Thanksgiving. More and more, we’re calling it “Turkey Day.” Is Thanksgiving a holiday about eating as much turkey, stuffing, and pie as we can possibly handle? Has this holiday, like so many others, become so fixed on staying busy, keeping up our traditions, watching football, and buying stuff that we’re missing the point?
For the past few years my dad wasn’t well enough to travel, so we hosted Thanksgiving at our house. We invited friends, family, whoever needed a place to land, and I cleaned and shopped and cooked. Numbers varied, but we usually ended up with a dozen guests crowded around our table built for six. Somehow we made it work.
What are you thankful for? We usually ask that question in November, and here it is June. More often than the answer includes our family, our friends, our good (if it is good) health, perhaps a special possession or two.
After a week or more of evacuations, fire, and loss, many here are incredibly grateful to God, and to the firefighters and other first responders who risked their lives on our behalf. Everywhere you look, there are signs of thanksgiving. I mean that literally.
A friend of mine recently commented about how, with Thanksgiving coming, she is trying to learn to thank God even for “the hard stuff.” She’s basing her belief on 1 Thessalonians 5:16-18, which says “Rejoice always, pray continually, give thanks in all circumstances; for this is God’s will for you in Christ Jesus.”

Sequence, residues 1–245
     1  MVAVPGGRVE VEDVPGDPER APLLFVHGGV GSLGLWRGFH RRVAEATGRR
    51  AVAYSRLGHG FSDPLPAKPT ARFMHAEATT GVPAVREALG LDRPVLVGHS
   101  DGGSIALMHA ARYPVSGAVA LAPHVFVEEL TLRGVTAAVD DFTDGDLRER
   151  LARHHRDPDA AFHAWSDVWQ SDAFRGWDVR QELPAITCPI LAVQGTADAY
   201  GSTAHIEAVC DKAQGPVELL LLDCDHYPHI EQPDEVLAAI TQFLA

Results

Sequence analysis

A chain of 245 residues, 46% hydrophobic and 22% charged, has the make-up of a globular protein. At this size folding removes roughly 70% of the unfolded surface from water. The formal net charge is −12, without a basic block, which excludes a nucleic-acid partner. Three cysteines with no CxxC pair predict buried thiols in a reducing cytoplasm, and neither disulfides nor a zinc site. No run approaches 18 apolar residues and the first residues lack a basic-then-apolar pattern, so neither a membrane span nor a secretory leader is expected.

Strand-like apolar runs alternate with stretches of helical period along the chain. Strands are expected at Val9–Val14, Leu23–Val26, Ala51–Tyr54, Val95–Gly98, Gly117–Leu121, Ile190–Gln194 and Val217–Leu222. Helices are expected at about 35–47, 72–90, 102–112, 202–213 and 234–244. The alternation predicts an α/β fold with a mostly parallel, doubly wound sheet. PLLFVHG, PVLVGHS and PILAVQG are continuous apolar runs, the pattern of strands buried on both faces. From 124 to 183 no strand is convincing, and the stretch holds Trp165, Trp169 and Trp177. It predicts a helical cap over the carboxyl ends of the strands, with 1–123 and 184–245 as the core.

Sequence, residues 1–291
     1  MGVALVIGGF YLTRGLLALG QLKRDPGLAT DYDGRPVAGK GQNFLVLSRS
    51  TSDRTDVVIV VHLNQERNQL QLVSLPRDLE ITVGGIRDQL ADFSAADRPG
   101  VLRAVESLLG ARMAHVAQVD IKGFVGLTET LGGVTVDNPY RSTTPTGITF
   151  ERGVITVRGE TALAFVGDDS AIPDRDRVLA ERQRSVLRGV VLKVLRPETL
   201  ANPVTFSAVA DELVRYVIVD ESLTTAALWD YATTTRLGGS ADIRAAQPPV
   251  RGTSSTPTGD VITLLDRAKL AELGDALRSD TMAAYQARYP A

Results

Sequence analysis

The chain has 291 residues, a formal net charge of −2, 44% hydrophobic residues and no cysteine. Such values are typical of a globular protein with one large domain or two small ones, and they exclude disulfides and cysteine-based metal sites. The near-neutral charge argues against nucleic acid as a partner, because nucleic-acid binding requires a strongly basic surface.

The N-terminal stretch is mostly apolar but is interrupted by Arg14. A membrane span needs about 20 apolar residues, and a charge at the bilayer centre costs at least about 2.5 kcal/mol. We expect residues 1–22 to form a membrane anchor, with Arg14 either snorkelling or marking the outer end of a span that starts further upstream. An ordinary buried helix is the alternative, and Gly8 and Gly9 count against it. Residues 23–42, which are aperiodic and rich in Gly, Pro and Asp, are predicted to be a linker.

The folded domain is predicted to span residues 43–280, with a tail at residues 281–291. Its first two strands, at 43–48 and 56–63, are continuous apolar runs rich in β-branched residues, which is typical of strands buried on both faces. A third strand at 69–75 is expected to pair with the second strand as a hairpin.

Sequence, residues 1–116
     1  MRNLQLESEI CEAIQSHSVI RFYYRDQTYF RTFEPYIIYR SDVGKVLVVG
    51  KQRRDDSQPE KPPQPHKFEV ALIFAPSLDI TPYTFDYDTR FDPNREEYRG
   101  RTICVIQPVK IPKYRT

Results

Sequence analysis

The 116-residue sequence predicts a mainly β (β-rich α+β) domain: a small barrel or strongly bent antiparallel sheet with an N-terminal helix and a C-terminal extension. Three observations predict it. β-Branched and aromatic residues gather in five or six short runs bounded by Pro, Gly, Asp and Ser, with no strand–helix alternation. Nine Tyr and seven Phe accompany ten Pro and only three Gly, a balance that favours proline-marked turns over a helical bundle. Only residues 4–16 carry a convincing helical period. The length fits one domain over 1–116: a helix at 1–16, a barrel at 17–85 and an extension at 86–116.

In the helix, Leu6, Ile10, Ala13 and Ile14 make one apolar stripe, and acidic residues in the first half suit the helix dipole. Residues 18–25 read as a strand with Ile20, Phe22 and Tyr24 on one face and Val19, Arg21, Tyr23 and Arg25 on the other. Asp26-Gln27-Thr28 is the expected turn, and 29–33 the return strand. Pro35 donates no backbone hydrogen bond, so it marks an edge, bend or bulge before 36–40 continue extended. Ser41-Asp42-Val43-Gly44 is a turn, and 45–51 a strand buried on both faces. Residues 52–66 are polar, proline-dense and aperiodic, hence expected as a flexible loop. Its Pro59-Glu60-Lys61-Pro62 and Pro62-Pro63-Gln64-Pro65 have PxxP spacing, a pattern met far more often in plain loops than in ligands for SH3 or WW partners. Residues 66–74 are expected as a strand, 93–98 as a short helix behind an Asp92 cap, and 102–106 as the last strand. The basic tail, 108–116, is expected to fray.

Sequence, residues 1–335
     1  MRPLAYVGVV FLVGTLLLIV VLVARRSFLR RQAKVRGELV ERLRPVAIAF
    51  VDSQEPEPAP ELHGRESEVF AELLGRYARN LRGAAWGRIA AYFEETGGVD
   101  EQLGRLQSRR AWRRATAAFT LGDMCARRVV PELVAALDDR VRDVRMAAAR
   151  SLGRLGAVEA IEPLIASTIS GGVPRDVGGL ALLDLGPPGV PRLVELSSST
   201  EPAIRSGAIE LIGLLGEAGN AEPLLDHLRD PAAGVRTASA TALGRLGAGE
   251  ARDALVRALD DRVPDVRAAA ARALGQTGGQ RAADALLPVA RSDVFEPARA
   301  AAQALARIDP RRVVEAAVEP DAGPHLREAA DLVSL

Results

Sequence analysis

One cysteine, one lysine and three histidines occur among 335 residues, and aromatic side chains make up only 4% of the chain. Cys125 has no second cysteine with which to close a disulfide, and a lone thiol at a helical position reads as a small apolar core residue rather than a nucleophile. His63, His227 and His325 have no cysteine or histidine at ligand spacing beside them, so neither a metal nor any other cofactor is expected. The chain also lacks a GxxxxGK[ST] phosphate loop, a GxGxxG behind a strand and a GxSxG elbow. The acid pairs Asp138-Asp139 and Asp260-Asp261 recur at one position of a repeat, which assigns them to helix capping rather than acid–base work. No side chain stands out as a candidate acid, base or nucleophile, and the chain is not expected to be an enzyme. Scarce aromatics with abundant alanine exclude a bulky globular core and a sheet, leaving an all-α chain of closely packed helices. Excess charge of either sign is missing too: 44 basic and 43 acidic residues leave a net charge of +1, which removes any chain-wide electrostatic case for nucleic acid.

There’s no doubt that Christians are supposed to be a grateful people. There is so much to thank God for—his love, mercy, righteousness and goodness, our salvation, one another, his coming reign on earth, answered prayers, not to mention the endless blessings he bestows on us day by day, often ones we hadn’t even thought to ask for. For example, when’s the last time we thanked God for the air that we breathe? We hardly ever think about air, unless we’re in danger of suffocation or drowning!
So did your candidate win? Or are you horrified at the results of the election? Either way, we’re probably stuck with this person as president for the next four years. But whether we are celebrating or in mourning, it’s time to move on. As believers, we have an important assignment. It’s our job to:
Pray for those in authority.